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Let’s Go! 2022-2023 Educational Programs

  • Let’s Go! Shorts: Five-minute video vignettes that deliver innovative, evidence-based, obesity curriculum for care team members. These “shorts” will bring new tools and techniques to the health care community to help improve care for patients with obesity. Watch the Let’s Go! Shorts online.
  • Let’s Talk About Obesity Care Podcast: A podcast series focused on thought-provoking and informative conversations to support medical providers interested in obesity prevention and treatment hosted by Carrie Gordon, MD. Listen at or wherever you listen to podcasts.

Let’s Go! 2022-2023 Educational Programs: A Realist Evaluation

Austin Steward, Kayla Bronzo, Victoria Rogers, Isaac Stickney, Alec Luro, Robert Bing-You


Currently 30% of adults in Maine and 13.7% of children ages 10-17 have obesity. Let’s Go’s goal is to address not only health outcomes of obesity, but also the stigma associated with obesity, including its impact on patients’ mental health and clinicians’ unconscious biases.

This project is a Realist evaluation (an educational and philosophical framework where our social world is viewed with real impacts on programs; i.e. what interventions work for who, and why) of the Let’s Go! 2022-2023 educational programs and initiatives. These initiatives included: an ECHO program, a culinary medicine initiative, spaced-repetition recall “games”, and short videos highlighting important topics. Analyzing educational activities is important as Let’s Go! focuses more on healthcare provider education with the rollout of the new AAP obesity guidelines.


Qualitative data was collected by conducting semi-structured interviews of clinicians who participated in these recent programs. This data was coded to determine themes and ultimately Contexts, Mechanisms, and Outcomes surrounding obesity education and management. The summary of this evaluation will be additive to the existing quantitative data the Let’s Go! team already collects.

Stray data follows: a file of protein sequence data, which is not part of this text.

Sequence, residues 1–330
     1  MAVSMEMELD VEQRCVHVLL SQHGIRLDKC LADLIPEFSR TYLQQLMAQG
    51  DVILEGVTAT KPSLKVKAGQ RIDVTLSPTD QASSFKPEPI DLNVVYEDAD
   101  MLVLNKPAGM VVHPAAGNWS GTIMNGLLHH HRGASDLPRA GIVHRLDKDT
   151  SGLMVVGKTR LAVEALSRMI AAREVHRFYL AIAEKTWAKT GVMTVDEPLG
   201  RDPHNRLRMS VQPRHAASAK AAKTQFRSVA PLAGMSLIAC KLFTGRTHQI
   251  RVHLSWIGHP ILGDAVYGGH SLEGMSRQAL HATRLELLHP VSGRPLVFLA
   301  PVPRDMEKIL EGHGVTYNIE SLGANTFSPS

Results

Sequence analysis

Seven interviews were coded using 50 different codes. From the codes, themes were analyzed, and the following context-mechanism-outcome was observed:

It was seen that lack of organizational support (context) led to lack of appropriate time to dedicate to the activities (mechanism) decreasing the ability to have the full learning and confidence desired (outcome).

Two outcome themes were also identified. Participants reported an improved ability to use appropriate and helpful language with patients, along with an enhanced community of care with other participants.

Context  Mechanism Outcomes
Busy clinical practice Protected time to participate in planned educational activity without provider penalties New knowledge and skills learned. Increased sense of competence [SDT]
Active learning format, e.g., in-person conference or virtual group like ECHO Connecting with peers perceived to be in similar situations Builds a sense of community-of-practice [SDT]
Variety of practice situations Choice of frequent, spaced connections with different educational material [e.g., videos, expert/peer sessions] [SDT] New language is used with patients. Changes in practice behavior occurs.
Providers’ desires to address obesity and health equity issues Local leadership support Sense of confidence and empowerment
Desire to learn state-of-the-art treatment approaches Periodic, virtual programming for practicing providers, e.g., ECHO Confidence in medication prescribing
Strong sense of caring about obesity as an issue, and motivation to learn from experts Activities where providers can interact safely with experts Sense of competence as to when to confer with experts [SDT]
Providers’ desire to feel a sense of belonging with others interested in obesity management care Participation in primarily synchronous activities to connect with other both during and after learning-based activities Sense of belonging within community [SDT] & increased network of peers to discuss patient care issues
Desire of just-in-time teaching activities Periodic short videos [e.g., like the Just in Five Shorts] about varying topics of obesity that can be watched independently and asynchronously [SDT] Greater confidence in treating of patients and awareness of additional learning materials within the Let’s Go! framework

SDT = self-determination theory [competence, autonomy, relatedness]


When developing future educational interventions, the context of organizational support is essential for adequate outcomes. Before implementing future educational interventions, programs should address an organization’s support for providers (e.g., protected time).

Self-determination theory is an emerging educational theory which underpins our initial findings including that the content of obesity training should include specific language providers can use with patients and an interventional format which allows providers to form community.